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September 03, 2021

Four juveniles arrested for allegedly starting fire that destroyed St. Leo Church in Tacony

The damage sustained in the two-alarm blaze forced the building's demolition

Investigations Arrests
St. Leo Church Philly fire @PhillyFireDept/Twitter

A two-alarm fire destroyed St. Leo the Great Catholic Church, located in the Tacony section of Northeast Philadelphia, in May.

Four juveniles are accused of unlawfully entering St. Leo the Great Catholic Church in Northeast Philly and starting the fire that destroyed the historic house of worship in May.

The Philadelphia District Attorney's Office charged two of the juveniles with arson, conspiracy and first-degree burglary. The other two were charged with second-degree burglary and conspiracy. Their names have not been released due to their status as juveniles. 

The alleged perpetrators were identified after investigators received an anonymous tip. The Bureau of Alcohol, Tobacco & Firearms had offered a $20,000 reward for information leading to the arrest and conviction of anyone responsible for setting the fire.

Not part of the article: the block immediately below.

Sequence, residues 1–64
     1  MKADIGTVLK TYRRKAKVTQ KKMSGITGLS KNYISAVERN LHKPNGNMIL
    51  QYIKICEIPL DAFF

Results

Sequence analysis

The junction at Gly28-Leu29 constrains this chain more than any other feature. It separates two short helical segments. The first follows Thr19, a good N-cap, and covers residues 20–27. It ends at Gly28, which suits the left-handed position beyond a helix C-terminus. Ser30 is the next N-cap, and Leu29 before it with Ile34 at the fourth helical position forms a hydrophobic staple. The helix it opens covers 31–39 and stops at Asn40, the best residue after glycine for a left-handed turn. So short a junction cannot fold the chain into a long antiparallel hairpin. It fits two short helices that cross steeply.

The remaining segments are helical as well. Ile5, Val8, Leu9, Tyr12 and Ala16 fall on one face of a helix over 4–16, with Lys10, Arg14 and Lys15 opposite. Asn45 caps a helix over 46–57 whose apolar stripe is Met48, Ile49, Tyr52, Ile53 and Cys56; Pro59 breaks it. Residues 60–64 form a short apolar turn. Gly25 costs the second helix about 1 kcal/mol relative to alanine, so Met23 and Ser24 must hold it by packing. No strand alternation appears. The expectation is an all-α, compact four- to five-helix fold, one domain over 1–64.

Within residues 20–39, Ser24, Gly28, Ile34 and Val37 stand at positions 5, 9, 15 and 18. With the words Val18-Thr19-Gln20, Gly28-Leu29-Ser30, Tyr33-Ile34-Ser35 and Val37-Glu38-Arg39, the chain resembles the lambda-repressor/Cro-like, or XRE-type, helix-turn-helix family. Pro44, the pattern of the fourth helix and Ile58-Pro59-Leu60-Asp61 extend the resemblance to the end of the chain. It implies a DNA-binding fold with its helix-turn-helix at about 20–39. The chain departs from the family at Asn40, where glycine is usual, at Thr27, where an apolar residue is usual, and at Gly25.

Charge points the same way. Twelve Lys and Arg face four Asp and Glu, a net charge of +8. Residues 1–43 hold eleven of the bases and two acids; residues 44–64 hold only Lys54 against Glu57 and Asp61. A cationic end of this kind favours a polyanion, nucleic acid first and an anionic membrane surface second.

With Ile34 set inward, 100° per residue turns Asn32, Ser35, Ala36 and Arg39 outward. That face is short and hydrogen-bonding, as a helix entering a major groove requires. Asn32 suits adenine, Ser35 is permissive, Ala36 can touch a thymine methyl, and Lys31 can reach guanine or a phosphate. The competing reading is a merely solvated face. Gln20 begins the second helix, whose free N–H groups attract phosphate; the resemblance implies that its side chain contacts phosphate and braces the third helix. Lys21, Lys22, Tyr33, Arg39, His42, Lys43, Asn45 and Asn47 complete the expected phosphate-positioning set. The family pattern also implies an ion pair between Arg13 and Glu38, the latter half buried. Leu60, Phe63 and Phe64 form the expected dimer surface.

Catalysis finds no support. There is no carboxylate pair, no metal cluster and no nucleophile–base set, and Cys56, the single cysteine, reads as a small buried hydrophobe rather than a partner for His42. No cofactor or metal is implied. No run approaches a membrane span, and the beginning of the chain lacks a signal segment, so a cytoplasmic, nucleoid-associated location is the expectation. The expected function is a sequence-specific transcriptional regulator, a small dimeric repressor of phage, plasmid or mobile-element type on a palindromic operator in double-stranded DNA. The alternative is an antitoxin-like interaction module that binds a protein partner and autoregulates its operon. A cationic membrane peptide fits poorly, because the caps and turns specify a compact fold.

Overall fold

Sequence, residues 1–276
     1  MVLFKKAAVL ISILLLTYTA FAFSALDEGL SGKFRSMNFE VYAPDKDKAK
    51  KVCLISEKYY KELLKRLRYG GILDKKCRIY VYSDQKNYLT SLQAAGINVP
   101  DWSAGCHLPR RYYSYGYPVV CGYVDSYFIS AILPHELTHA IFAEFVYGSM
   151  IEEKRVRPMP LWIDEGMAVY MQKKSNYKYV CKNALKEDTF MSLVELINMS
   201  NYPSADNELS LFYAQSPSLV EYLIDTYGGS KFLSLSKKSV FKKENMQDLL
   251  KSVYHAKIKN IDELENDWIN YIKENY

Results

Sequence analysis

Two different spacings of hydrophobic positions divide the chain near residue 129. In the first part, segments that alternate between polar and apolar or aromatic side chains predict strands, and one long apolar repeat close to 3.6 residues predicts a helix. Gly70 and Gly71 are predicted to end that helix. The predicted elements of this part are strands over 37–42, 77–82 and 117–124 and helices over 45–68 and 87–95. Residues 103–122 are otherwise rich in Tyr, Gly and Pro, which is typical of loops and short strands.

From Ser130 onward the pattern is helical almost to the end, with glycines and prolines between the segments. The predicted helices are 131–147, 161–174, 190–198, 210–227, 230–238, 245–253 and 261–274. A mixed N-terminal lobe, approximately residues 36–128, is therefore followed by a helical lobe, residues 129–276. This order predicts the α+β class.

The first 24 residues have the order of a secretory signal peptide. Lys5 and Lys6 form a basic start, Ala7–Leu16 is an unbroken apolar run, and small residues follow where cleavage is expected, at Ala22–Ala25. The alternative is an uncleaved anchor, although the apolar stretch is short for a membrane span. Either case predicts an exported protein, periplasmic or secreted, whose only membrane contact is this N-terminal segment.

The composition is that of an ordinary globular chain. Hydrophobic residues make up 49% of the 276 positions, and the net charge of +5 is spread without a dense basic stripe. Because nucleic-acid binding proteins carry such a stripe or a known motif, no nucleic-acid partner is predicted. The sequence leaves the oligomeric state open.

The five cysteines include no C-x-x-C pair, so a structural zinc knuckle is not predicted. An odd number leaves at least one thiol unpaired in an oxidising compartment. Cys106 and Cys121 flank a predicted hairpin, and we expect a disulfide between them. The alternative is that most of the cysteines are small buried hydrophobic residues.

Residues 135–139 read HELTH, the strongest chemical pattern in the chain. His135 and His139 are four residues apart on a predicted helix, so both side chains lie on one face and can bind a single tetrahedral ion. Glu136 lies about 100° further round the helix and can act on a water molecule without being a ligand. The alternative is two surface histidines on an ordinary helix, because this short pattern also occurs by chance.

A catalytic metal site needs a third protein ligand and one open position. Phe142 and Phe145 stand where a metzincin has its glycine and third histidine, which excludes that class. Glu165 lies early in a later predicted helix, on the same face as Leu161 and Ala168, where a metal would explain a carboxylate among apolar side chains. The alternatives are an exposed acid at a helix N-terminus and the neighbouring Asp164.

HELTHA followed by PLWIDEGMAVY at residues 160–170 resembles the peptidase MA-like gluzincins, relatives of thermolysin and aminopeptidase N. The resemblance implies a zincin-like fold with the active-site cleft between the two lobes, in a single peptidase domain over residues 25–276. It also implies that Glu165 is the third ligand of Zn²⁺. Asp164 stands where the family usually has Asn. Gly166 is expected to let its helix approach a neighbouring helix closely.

"The crimes alleged here harmed the Tacony community," District Attorney Larry Krasner said. "Philadelphia's historic structures are beloved for so much more than their beauty; in this case, even though the church was being redeveloped for private use, St. Leo was revered for its history of baptisms, weddings, memorials and other milestone life events held by our neighbors in this region over generations."

The 137-year-old building had to be demolished this spring following the two-alarm fire. No one was injured in the blaze, as the church was unoccupied at the time.

The Archdiocese of Philadelphia merged the St. Leo Parish with the nearby Our Lady of Consolation Parish in 2013. St. Leo's remained a worship site for another five years until the Archdiocese formally closed the building and ceased ecclesiastical uses.

Located at Keystone and Unruh streets in Tacony, the church was designed by architect Frank R. Watson and built in 1884. It was sold in April to buyers who intended to lease the space for religious purposes. 

The church had been added to the Philadelphia Historical Commission's Register of Historic Places in 2019.

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